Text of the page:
NFT London South Bank / Waterloo / Lambeth North

South Bank / Waterloo / Lambeth North

Hug the riverbank and you can culture 'til you puke. But you'll need stamina to survive; with such densely populated institutions your brain will give up long before your body. When it does, head for the cafe by day/bar by night, Concrete, tucked away behind the Southbank Centre, where the art installation du jour promises to have you wetting your pants in no time.




         



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Posted By:  Claire Storrow
Photo:  Claire Storrow

The Travel Cafe
By their nature, areas around major train stations tend to be transient places with all kinds of stragglers and the residues of society present. Cheap, poor quality establishments take residence and take advantage of hungry and thirsty people arriving and departing. It often feels like a warning not to enter into the city where you find yourself, a joke on the part of the people who live in the wider environs. This was the case for Waterloo up until fairly recently. Lower Marsh has always had potential -- a cosy little community, like an undiscovered lane filled with small, local businesses and very few chains, that defies the norms of high streets up and down the country. Thankfully, for us and for travellers alighting here, the area has experienced rejuvenation in the past few years with vibrant cafés, restaurants and bars popping up and a regular street food market taking place. In fact there seems to be a particular focus on welcoming travellers with Four Corners café, Travelling Through bookshop and café, and now The Travel Café (which actually spills out onto Westminster Bridge Road next door to Sista Barista). A Korean enterprise which also organises tours in Korean and Japanese, the café is a breath of fresh air -- the perfect spot for a hit of caffeine whether you're on your laptop, reading a book or meeting a friend. In fact, I have no doubt that this is the kind of place where like-minded people will make new friends. As I left, I was asked to pick out one of the tiny potted succulents on the counter to take home, because, "People who live in London usually don't have something to look after." It was such a lovely sentiment and I am indeed looking after my new little friend.



Posted By:  Anne Siegler
Photo:  Anne Siegler

Leake Street Tunnel
After trying unsuccessfully to hunt down some of Banksy's infamous stencil graffiti, by asking around we came to find out that they had been removed. We were told to check out Leake Street near the Waterloo Station. Leake Street was covered in graffiti by Banksy and friends back in 2008. Very little of the original art remains, but what has been added to the tunnel is exciting to see. Graffiti is legal in this designated area making it a colorful social experiment.



Posted By:  Daniel Kramb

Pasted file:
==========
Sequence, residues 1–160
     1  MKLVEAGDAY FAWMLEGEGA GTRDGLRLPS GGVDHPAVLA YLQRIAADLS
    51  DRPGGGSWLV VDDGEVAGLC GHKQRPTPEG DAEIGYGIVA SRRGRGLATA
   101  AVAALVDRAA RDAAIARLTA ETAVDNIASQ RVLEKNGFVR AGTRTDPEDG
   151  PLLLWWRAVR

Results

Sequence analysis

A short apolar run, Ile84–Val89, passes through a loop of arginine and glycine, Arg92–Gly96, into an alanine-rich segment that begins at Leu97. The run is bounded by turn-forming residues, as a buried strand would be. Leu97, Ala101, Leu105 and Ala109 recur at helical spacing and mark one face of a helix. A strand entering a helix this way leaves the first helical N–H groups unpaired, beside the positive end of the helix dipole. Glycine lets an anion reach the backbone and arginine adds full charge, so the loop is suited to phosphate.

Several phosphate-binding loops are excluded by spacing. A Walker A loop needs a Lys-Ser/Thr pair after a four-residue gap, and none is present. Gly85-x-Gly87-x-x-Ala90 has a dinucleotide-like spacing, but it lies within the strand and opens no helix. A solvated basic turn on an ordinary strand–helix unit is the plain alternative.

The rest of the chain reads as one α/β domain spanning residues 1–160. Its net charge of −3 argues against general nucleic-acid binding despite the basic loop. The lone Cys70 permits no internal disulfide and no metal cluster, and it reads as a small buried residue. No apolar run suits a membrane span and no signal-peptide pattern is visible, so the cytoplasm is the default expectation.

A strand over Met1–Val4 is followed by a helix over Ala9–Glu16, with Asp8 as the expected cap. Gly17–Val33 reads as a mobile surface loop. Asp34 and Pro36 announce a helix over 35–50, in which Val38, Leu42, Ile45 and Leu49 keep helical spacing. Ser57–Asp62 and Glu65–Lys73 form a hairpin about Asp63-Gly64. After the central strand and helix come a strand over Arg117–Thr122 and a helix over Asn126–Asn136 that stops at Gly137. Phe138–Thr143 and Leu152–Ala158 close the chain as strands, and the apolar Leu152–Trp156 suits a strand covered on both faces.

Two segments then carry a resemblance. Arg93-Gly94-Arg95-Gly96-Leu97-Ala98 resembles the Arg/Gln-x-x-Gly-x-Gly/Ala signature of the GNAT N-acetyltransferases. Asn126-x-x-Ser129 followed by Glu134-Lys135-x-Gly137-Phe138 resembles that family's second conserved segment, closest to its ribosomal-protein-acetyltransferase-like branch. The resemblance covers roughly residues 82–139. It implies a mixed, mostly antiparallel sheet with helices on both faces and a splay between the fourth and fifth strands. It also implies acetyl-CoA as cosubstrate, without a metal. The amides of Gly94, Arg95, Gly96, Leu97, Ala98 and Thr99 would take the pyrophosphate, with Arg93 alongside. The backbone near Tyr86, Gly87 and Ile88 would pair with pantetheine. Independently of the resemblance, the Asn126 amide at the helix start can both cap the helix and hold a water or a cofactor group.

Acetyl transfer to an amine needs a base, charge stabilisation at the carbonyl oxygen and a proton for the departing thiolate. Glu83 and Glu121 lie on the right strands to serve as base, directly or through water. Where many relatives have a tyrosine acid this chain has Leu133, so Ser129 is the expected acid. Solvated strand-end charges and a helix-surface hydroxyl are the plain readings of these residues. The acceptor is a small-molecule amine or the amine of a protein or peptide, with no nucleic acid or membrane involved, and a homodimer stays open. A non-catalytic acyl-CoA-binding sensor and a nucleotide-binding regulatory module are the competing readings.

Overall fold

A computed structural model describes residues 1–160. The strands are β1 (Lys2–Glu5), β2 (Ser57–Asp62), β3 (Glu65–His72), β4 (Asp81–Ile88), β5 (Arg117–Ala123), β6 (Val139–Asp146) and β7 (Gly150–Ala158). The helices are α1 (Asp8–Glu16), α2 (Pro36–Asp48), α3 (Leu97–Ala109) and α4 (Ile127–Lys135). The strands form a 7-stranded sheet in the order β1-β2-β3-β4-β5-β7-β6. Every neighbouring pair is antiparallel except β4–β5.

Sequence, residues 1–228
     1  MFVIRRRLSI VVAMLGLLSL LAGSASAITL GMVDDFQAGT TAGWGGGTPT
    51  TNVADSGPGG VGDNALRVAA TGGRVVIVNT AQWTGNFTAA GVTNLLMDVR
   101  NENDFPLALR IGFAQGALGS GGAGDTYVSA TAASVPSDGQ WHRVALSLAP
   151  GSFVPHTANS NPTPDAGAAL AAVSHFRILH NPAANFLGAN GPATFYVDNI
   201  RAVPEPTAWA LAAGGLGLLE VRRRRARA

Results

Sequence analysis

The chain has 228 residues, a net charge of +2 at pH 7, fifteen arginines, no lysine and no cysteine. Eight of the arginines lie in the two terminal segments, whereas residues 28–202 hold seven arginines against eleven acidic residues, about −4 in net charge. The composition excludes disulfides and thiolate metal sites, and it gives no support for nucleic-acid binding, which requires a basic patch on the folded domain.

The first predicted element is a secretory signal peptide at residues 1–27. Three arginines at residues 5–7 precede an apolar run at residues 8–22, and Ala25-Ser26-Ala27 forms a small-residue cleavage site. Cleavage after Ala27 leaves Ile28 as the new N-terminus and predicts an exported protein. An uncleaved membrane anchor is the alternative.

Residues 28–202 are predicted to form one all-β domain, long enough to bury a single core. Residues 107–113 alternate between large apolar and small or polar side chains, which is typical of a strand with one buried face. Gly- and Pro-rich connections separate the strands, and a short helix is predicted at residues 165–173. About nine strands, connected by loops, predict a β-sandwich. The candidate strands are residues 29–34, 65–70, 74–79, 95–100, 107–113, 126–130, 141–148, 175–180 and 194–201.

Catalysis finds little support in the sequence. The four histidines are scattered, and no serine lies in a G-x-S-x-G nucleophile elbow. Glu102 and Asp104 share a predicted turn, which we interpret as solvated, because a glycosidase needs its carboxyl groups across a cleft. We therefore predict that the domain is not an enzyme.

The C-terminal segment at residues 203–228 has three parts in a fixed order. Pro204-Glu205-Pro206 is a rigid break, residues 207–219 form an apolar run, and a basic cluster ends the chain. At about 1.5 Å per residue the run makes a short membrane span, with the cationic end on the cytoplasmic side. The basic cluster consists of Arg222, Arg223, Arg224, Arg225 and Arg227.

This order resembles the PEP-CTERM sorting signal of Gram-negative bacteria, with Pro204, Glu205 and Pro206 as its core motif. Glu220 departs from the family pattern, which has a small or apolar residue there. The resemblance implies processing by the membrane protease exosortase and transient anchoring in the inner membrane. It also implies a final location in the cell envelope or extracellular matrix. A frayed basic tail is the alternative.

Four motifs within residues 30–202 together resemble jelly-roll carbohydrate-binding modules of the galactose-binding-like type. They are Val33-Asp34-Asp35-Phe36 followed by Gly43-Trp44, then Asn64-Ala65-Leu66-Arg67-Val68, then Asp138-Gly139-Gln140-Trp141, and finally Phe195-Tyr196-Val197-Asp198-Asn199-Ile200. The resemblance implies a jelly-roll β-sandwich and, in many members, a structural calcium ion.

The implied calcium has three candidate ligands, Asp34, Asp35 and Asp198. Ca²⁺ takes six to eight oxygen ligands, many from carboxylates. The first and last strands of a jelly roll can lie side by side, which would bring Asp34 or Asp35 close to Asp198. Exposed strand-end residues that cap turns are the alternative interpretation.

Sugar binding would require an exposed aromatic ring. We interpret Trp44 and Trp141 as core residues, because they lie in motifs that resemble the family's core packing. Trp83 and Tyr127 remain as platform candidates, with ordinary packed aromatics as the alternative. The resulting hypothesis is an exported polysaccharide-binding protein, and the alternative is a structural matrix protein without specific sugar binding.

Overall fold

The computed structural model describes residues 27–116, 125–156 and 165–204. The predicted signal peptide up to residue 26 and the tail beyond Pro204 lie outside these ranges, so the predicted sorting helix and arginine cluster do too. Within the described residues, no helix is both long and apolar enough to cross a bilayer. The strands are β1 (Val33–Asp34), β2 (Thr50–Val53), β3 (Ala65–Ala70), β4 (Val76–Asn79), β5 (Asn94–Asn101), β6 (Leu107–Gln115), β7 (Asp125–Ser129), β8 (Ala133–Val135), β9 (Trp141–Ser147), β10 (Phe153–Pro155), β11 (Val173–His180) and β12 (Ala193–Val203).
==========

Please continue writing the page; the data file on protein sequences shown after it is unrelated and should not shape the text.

Photo:  Daniel Kramb

Concrete
Yes, it's an awful lot of grey concrete that makes up the Southbank Centre. But while the daring Brutalist architecture continues to entertain love/hate feelings among most Londoners, no one doubts the excellence of what's going on inside this cultural powerhouse. At the Hayward Gallery (nowadays just The Hayward), exhibitions are now nicely complemented by this small cafe, which turns into a bar once the sun sets (yes, behind Waterloo Bridge). The bar, concrete-dominated, as you might have guessed, is a bit pricey to become your regular. But there's Russian beer on tap and, given that they put absinthe in their mojitos, always a chance that you might end up talking someone into giving the Hayward's Projects Space to your own, truly amazing art installation next time round.



Posted By:  Anne Seymour
Photo:  Anne Seymour

Southbank Centre
London just doesn't offer enough opportunities to watch lithe and attractive lovelies frolicking in water. Fortunately, the South Bank did its bit to rectify this heinous oversight. Appearing Rooms was one of the recent art installations at the Southbank Centre, featuring jets of water which burst intermittently to create walls around you, to the delighted shrieks of participants and the sizzling hiss of their fried iPods. Rarely given the green light to poddle about in fountains, Londoners chucked themselves in with abandon, watched by repressed suits wishing they still knew how to play and delighted voyeurs making videos for their evening's self-relief. With a bit of logic visitors could avoid getting wet--after all, its watery walls were apparently more about contemplating transience and modern life (yawn) than tormenting the spectators (though the joys of pushing kids into the upcoming jets must not be underestimated). Although Appearing Rooms has ended its run, the South Bank's regular cycle of installations are invariably unmissable, and a highlight of the city.




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